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May 2017
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TELEVISION ADDICTION: FROM THE ORIGINS TO THE EFFECTS


The television as a means of mass communication has gradually transformed the daily habits of many people. At first is was a pastime, then it quickly became a luxury item which few people possessed and finally it became a product of mass consumption, available to everybody. Watching the television is one of the most common daily activities, but this use can often turn into abuse by those who watch it for days and no longer pay attention to what they are watching.

The roots of television addiction

The television is often singled out as an object which is responsible for numerous, negative effects on the public and the reason behind many problems which afflict today’s society. That, however, does not mean we can forget about its merits and educational capabilities and, without a doubt, it cannot take all the blame for the increase in the phenomenon of television addiction in the last few years. Like every instrument of communication, the television can be used for good or bad and it can become an object which people depend on when looking to satisfy their needs and when, in a society like today’s, there is a crisis in an institution which is solved by delegating the problem to this communication device, which should not be done as it is not designed for this purpose.

Television addiction, like many other types of modern addiction, is in fact the product of a meeting between some modern psycho-social factors and certain behavioural factors; the former provide fertile ground on which erratic behaviour can develop and which can degenerate into various forms of addiction, which can occasionally be found in the same person. When people suffer from modern addictions, such as television addiction, other addictions, which are related, can often be seen; for instance, internet or shopping addictions may cause television addicts to buy the products advertised on the television.

Psycho-social factors

The main psycho-social factors which have fostered abusive behaviour towards the television concern certain transformations of social functions released by the television, which has gone from being an informative and entertainment instrument used in our free time to being a real educational instrument for children and provider of models for adults, thus becoming a humanised instrument which one can even go as far as saying is a virtual friend, which is sometimes preferred over real friends. The two traditional purposes of the television, to inform and entertain, have been exaggerated to the point that two different types of approaches have been created:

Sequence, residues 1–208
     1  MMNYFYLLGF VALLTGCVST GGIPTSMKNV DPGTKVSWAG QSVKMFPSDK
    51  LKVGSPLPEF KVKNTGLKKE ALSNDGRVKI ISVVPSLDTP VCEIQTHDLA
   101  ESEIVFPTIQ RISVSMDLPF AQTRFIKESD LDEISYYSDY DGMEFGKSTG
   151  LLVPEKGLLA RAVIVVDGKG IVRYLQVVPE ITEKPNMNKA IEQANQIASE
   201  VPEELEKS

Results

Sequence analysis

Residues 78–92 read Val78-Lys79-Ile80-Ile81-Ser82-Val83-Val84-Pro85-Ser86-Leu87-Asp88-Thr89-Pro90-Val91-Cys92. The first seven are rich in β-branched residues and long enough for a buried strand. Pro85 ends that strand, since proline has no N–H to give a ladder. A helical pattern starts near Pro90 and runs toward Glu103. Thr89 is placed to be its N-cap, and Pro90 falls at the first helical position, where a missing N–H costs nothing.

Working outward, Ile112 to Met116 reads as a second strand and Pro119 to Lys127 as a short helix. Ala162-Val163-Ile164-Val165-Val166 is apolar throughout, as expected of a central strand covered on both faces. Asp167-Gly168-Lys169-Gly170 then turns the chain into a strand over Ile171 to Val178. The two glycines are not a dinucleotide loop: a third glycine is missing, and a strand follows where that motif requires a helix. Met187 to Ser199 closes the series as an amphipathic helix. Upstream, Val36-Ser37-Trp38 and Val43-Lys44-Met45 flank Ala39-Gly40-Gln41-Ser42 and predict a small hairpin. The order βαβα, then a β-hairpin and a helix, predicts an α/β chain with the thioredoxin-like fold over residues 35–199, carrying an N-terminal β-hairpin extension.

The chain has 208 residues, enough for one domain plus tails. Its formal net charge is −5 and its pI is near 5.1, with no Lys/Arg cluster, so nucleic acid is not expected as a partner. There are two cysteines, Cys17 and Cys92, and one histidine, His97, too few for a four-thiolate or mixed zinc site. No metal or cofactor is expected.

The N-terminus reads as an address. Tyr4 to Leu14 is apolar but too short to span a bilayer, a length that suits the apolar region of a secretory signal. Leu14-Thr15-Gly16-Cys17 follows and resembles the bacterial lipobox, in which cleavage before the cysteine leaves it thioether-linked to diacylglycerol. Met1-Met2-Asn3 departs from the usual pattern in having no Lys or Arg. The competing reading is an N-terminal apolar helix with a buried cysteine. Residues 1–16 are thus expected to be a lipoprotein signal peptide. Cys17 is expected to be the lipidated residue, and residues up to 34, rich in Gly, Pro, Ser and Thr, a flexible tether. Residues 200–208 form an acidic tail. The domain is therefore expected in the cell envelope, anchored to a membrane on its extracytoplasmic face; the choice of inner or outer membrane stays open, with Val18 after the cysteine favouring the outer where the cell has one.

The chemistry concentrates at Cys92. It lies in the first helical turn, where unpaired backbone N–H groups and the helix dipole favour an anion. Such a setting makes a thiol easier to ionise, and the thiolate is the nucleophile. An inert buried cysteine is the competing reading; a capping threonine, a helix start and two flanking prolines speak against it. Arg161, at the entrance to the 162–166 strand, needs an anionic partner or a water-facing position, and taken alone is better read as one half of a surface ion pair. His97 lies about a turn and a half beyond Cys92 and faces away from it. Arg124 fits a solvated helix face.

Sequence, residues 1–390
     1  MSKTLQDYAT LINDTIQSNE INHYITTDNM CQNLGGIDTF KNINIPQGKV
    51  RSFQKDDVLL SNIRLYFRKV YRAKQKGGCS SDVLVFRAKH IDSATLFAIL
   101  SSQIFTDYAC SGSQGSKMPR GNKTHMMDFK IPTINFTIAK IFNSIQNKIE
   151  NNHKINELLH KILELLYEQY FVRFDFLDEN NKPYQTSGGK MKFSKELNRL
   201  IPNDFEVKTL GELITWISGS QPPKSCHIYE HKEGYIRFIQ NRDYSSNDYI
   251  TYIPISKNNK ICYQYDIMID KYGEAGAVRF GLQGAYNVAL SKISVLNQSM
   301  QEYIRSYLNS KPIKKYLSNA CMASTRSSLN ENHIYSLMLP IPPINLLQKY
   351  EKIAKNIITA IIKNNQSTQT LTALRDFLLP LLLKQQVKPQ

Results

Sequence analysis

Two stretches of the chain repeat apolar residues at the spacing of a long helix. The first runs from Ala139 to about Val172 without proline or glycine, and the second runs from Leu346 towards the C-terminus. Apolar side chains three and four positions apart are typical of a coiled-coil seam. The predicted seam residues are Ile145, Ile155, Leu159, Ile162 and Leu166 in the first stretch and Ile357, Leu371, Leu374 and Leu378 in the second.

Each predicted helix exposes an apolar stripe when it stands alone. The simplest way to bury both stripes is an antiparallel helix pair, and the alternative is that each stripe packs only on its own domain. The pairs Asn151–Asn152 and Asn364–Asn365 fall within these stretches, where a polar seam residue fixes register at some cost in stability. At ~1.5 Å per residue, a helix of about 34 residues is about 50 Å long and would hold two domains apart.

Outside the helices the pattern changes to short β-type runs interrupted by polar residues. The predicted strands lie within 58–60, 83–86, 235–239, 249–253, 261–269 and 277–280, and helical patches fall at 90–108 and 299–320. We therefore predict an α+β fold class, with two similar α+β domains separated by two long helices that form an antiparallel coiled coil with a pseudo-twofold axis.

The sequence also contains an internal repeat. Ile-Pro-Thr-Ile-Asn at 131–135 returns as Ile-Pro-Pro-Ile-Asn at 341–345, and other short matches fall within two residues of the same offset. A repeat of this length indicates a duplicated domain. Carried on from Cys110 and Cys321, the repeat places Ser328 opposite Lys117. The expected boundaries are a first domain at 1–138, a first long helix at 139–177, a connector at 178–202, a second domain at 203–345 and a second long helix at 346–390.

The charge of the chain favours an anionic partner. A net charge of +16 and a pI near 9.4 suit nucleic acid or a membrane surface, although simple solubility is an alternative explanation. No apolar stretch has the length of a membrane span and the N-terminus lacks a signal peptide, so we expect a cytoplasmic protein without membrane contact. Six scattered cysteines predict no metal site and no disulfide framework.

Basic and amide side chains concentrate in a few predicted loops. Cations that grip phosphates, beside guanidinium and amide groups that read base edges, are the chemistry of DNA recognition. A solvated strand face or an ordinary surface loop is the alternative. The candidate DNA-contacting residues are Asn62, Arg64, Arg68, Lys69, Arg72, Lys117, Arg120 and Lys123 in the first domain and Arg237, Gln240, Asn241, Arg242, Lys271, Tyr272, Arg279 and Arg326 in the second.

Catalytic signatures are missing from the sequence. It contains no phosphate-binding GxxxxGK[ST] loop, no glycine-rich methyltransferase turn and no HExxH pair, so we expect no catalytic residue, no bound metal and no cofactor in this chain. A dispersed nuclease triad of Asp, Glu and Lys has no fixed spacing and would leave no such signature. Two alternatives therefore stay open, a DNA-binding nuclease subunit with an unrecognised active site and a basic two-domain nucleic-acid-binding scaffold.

• the first is that the television takes on the role of absolute reality, which is undeniable and undisputable;
  • the second is that a mass communication device = a pastime, and the most common device is the television.

All of this has meant that may people have less real life experiences and it has increased interactions via mass media, which can cause confusion between virtual reality and concrete reality. 

Televised reality began to produce real life role models which became examples to imitate, not just for children and adolescents, which are increasingly often brought up and educated by the TV-parent, but also adults who, more and more often, are won over by characters which appear in television series, action films and variety shows. A lack of real life models has left a void which televised models has filled and with whom people can identify themselves with and whose behaviour is studied in depth, for hours and hours, so people can internalise and reproduce it.

The presence of people who we can see, listen to and whose stories we know (whether real or not) has led to humanisation of the television and has given the television the social role of a friend, who is often very important to the viewer, especially in old age, and is sometimes abused by those who are at an age when it would be better to spend time with real peers and friends.
Quite often, if television wins more and more time in people’s lives, it is because there are problems with the family, school and socialising, or because the television has been welcomed too easily since it represents reality so well that it can almost replace it or fill in the parts which are missing in response to the need to make or re-make an identity.